ORANGEBURG, SC (WIS) - Investigative Reporter Jody Barr has taken a closer look at a land deal that earned the South Carolina State University chairman and police chief federal corruption charges.
Federal prosecutors charged board chairman Jonathon Pinson and chief Michael Bartley with conspiracy. The feds say the pair was working for kickbacks on a $3 million land deal.
The FBI says had they not caught the chair and chief plotting the scheme on wire taps, the deal would have closed this month and taxpayers would have owned a $3.2 million retreat.
It's a 120-acre stretch known as the Sportsman's Retreat that sits just 10 miles from South Carolina State University, and has been for sale for a while.
Orangeburg County property records show Florida construction mogul Richard Zahn owns it. The FBI says he nearly had it sold until the feds swooped in last month and shut it down.
"It arguably would have happened in a month or so before we intervened," said Assistant US Attorney Mark Moore.
Moore is leading the prosecution against Pinson and Bartley.
The FBI wire-tapped Pinson's cell phone in late 2011 and spent four months listening in. Prosecutors say they heard Pinson and Zahn plotting a scheme for SC State to purchase Zahn's property for around $3 million.
In the deal, according to the feds, Pinson would get a $110,000 Porsche Cayenne kickback once the university cut the check to Zahn.
Moore said the wire taps show Bartley got in on the deal, too. His kickback, according to the feds, was $30,000 in cash and a brand new ATV.
Bartley folded as soon as the FBI confronted him with the evidence.
"Mr. Bartley cooperated from the get-go," said Moore. "When the FBI interviewed him, Mr. Bartley admitted to his conduct before he even retained a lawyer."
Pinson, prosecutors say, used his "influence" and "position" to force the university into the deal. Pinson's selling point was that SC State could use the 8,000 square foot retreat as a conference center.
The university already has a center at nearby Camp Daniel, which is rotting away because the university can't afford to keep it up.
Bartley, on the wire taps, tried his best to make sure SC State cut the check.
"Mr. Bartley had been out to the property before, was willing to take people out and show them the property and explain to them the benefits of the university -- if the university purchased the building," said Moore.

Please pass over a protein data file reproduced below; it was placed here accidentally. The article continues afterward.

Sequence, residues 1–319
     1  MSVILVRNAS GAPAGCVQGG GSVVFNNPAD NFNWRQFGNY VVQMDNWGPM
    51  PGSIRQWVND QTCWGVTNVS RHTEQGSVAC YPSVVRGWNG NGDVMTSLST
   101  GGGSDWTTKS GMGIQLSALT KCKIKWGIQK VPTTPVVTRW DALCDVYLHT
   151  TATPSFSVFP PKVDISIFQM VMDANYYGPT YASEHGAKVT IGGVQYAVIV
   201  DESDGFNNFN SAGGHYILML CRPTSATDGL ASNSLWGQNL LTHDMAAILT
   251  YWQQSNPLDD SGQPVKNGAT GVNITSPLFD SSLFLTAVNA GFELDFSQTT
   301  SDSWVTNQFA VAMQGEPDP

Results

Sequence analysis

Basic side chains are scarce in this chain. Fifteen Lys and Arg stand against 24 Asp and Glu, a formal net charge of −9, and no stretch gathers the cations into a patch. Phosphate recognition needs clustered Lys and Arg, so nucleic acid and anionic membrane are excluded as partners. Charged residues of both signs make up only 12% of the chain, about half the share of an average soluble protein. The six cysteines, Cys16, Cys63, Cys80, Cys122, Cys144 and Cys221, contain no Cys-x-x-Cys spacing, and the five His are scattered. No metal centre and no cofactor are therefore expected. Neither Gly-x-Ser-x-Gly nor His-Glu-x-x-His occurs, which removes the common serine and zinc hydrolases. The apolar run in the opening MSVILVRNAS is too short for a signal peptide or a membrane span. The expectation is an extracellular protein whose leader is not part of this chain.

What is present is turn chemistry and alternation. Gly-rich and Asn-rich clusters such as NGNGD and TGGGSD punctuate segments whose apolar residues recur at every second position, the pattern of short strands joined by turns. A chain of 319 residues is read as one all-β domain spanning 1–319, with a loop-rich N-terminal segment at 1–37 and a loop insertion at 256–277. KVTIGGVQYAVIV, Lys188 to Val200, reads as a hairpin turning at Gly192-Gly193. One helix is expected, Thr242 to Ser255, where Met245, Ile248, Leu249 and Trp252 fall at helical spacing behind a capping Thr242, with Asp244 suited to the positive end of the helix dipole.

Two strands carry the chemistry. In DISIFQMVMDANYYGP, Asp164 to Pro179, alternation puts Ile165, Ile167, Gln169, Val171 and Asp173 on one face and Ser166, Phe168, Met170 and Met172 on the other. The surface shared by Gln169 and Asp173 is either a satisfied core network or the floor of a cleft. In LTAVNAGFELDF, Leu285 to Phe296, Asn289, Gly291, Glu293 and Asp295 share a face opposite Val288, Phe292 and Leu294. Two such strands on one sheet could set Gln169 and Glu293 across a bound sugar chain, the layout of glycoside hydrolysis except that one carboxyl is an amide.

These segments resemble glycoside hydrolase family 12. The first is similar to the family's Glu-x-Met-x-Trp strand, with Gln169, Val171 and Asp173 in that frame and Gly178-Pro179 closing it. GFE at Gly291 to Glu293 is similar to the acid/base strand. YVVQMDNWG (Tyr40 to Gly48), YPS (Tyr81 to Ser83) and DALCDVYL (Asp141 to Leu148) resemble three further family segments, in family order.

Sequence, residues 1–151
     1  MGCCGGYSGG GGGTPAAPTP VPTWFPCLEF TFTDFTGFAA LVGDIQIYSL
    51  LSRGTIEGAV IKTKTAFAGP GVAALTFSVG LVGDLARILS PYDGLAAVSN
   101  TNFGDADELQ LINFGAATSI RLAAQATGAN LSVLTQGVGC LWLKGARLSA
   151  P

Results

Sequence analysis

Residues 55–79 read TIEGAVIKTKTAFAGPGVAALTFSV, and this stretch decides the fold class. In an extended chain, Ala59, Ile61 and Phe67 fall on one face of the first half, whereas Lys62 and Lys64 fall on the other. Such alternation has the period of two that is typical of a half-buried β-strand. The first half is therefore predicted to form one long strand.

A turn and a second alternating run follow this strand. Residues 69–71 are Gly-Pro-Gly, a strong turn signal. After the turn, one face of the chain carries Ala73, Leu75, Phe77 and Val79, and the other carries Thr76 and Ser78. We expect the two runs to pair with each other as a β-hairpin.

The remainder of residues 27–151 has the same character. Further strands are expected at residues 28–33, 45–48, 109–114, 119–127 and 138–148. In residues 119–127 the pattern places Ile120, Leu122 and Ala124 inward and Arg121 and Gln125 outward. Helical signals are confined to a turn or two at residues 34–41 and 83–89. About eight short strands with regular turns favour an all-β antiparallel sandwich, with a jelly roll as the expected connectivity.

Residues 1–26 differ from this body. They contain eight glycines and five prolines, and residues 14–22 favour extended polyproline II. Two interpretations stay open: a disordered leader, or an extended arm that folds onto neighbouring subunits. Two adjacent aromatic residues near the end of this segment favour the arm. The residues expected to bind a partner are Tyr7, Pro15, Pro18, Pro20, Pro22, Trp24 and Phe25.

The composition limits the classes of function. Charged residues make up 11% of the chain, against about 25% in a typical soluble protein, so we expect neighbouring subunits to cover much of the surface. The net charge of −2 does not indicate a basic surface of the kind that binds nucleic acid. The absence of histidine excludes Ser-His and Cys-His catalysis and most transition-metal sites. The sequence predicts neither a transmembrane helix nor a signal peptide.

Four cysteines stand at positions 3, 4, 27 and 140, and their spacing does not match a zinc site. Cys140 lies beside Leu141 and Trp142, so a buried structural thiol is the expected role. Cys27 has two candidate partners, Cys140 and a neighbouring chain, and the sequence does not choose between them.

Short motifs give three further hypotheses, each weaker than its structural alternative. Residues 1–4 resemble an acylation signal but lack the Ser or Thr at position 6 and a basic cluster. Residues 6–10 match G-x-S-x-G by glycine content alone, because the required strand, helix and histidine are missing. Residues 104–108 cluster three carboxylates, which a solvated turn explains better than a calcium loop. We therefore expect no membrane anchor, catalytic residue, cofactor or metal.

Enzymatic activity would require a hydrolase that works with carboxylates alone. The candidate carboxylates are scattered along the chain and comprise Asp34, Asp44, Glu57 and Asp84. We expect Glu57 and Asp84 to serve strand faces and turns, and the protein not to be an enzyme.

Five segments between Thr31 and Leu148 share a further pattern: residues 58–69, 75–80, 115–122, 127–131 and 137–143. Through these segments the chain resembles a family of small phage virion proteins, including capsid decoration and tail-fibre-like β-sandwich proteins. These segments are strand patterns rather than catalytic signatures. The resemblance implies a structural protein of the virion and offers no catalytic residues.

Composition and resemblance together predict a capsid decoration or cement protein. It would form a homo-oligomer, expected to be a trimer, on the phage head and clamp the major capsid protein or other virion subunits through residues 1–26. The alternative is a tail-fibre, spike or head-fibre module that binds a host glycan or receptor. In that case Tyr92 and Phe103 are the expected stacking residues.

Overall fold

The feds say Pinson, while serving as board chair, even took a flight to Florida on Richard Zahn's private jet to discuss the deal. Investigators say they have evidence from Pinson's own mouth.
But Pinson's attorney says the FBI screwed up.
"These charges brought against him are false," says Pinson's attorney Jim Griffin. "He is innocent and they're the result of a flawed investigation and we look forward to exposing those flaws at the appropriate time in court."
Bartley pleaded guilty and faces up to 5 years in prison at his sentencing.
Pinson is free on a $25,000 bond. If convicted, he faces up to 25 years and a $250,000 fine.
Those officials made up most of former President George Cooper's administration.
But the FBI says contracts for SC State's homecoming concert in 2011 show Pinson shared in a $60,000 kickback scheme. And every cent came right out of students' pockets.
It's the biggest event SC State holds all year. The contracts show SC State's administration spent more than $350,000 on it:
- $80,000 on singer Charlie Wilson
- $70,000 on rapper Young Jeezy
- $40,000 for Crisette Michelle, Ace Hood, and the rapper known as Future
The contracts show SC State paid a Georgia firm, WE Entertainment $60,000 to handle bookings and the set up for the concert.
Student Activities President Donovan McDaniel said he was suspicious from the start.
"I used to blame myself for all of this because I was the president," said McDaniel. "And I used to just tell myself like, 'If I asked another question would this have happened? If I argued a little more, would that have come out?' It was like a bad hand that was dealt to us."
McDaniel was in charge of how student fees were spent.
He said in 2010 the university tried to force students to pay WE Entertainment to handle the homecoming concert booking and set up. McDaniel and his fellow students fought the administration and won.
"We kept our same motive, our vision, but unfortunately others didn't," said McDaniel. "But we kept it moving from there. We took the orders that we received to have the concert and we tried to do it to the best of our ability."
The FBI thinks the administration forced WE Entertainment into the mix because Pinson was working behind the scenes to get his friend's entertainment firm under contract.
According to Pinson's indictment, the feds' wire tap recorded him working out a kickback if WE Entertainment got paid.
When Barr tried to talk to WE Entertainment founder and Pinson's co-defendant Eric Robinson, he told Barr he would have to talk to his attorney.
The feds charged Robinson along with Pinson.
Prosecutors say Pinson and Robinson are business partners, and Pinson made sure Robinson got the homecoming contract.
SC State cut the first check to WE Entertainment on Aug. 2nd, 2011. A search of the firm's business filings show that's the same day WE Entertainment became incorporated.
On its first day in business, the firm made $60,000 from SC State.
Contracts show they spent $351,000 on five artists, a stage, lighting, and things like food, beer, liquor, plane tickets, and hotel rooms for the performers. All this money came from student activity fees.
Armed with wire taps, the FBI indicted Pinson over the homecoming contracts.
Griffin would not specify what the flaws in FBI's the investigation were, but he said he looks forward to exposing those flaws in court.
"I feel real bad about the situation," said McDaniel. "Because it was a lot of money spent and that money could go to so much more."